Cooling In Heating


Sources: Papers On Health

Often it is difficult to get a sufficient cooling

effect by means of cold cloths without unduly chilling the patient.

When the head has to be cooled, as in the very dangerous disease

meningitis, the effect must pass through the mass of the skull before

reaching the brain. A large and long continued application is needed

for this. The surface is apt then to be overcooled before the interior

of the head is affected. In such a case the surface of the head, when

the patient feels it too cold, should be gently rubbed, as directed in

Eyes, Squinting, until this feeling goes off. Then the cooling may be

resumed. Or if rubbing be disagreeable, a warm cloth may be applied for

a short time, and cooling then resumed. In this way a succession of

waves of heating and cooling can for a long time be sent through the

surface, with good effect and no chill. The short heating restores the

surface, and does not interfere with the cooling effect reaching the

interior parts. The same principle applies to cooling any part of the

body (see Bathing). Any deep-seated inflammation is best reached in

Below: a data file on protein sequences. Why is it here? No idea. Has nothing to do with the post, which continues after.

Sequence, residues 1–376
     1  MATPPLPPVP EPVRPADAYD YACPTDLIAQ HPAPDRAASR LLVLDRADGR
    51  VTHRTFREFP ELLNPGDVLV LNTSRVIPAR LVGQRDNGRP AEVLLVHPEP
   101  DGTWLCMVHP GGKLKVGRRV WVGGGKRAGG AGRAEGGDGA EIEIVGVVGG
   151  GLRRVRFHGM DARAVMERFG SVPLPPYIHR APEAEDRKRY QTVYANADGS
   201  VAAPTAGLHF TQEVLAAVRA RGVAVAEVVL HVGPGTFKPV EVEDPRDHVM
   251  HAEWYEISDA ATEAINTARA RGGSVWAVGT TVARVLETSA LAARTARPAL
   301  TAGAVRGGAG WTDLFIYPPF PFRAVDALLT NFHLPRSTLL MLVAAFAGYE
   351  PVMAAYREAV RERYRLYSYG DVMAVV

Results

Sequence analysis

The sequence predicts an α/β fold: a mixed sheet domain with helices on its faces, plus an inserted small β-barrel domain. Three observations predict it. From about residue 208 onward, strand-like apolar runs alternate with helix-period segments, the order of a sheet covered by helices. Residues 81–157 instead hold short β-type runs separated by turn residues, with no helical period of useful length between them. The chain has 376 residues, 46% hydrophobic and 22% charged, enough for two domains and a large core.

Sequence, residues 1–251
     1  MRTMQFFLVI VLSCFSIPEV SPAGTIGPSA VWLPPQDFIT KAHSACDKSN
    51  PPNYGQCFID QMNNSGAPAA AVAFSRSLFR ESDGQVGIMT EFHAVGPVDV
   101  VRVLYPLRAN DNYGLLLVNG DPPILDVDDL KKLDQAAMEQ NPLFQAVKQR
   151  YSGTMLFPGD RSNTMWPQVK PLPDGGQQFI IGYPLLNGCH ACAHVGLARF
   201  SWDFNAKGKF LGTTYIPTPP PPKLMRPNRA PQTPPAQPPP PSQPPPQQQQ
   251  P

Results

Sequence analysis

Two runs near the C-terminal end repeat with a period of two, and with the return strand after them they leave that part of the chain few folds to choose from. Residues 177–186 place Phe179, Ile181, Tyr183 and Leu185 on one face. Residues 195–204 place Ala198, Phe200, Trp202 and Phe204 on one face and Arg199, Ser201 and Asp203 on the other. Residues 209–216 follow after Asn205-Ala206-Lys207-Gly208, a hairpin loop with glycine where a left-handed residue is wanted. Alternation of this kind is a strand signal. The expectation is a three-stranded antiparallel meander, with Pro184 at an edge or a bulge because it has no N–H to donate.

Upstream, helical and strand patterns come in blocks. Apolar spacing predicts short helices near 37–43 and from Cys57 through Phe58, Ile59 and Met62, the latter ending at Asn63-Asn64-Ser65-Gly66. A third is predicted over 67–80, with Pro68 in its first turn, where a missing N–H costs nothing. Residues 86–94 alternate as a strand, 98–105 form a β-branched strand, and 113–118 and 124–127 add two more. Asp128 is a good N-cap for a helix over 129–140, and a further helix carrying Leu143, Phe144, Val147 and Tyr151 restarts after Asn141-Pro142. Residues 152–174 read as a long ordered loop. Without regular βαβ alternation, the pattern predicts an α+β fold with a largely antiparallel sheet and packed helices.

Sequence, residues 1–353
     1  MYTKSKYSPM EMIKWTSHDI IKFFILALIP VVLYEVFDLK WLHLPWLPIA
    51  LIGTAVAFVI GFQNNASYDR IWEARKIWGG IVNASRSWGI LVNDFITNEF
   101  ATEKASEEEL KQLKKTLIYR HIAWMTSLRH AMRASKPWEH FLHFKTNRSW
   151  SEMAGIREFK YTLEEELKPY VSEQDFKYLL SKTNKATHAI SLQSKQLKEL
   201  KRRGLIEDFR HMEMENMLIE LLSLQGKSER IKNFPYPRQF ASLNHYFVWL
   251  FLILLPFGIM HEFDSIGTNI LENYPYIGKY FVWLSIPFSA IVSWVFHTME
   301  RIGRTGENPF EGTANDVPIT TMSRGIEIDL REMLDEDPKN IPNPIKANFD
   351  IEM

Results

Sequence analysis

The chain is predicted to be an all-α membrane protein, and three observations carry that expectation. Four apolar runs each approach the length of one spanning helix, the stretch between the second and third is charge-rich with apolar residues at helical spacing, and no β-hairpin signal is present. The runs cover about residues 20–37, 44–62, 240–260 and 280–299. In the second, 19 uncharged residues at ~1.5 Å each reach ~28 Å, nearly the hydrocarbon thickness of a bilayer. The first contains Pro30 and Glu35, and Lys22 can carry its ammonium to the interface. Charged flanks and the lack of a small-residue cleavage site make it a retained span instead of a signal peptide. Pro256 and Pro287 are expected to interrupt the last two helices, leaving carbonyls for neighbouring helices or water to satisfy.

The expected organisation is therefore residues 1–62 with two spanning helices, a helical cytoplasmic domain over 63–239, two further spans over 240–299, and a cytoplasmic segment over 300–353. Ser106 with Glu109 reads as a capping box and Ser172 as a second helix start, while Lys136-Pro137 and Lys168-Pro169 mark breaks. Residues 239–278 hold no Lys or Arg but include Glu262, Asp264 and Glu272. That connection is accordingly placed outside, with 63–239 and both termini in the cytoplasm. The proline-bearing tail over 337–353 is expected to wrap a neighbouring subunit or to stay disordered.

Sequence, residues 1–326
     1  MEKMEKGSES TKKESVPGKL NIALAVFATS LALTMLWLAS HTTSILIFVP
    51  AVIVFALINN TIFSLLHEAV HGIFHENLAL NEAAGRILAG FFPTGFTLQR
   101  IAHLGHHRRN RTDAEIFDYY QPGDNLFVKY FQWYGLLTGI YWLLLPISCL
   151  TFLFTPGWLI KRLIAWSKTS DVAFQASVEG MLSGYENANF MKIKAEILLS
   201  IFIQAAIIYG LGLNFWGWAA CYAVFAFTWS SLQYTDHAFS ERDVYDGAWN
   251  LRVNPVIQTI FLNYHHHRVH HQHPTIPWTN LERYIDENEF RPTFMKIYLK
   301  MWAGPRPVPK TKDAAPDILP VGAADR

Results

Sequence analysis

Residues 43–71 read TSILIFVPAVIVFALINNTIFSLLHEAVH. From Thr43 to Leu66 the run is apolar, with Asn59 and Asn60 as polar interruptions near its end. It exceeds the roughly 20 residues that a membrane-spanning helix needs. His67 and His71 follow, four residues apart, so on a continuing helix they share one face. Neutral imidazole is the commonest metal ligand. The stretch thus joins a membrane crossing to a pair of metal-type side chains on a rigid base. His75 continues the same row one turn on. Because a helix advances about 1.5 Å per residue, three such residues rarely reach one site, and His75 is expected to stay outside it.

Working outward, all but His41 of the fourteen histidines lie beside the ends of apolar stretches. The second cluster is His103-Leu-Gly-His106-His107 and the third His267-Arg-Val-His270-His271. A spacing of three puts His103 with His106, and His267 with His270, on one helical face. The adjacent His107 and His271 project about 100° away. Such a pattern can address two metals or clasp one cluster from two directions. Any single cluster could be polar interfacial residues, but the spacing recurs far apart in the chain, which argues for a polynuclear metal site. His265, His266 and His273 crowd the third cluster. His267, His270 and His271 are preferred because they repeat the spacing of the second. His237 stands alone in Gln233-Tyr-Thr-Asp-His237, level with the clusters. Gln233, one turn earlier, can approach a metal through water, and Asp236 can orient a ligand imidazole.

this way.



For instance, in the large hip-joints it is of vast importance to reach

inflammatory action in parts that are not near the surface, and cold

cloths, pressed constantly, produce distress in the surface, if there

is no intermission in supplying them. The patient is apt to rush to the

conclusion that he must just yield to be blistered, painted with

iodine, covered with belladonna plaster, or burned with red-hot irons!

That is, he will yield to be made a great deal worse in every respect

than he is, because he is not aware that it is quite possible to cure

him without making him worse even for a moment.





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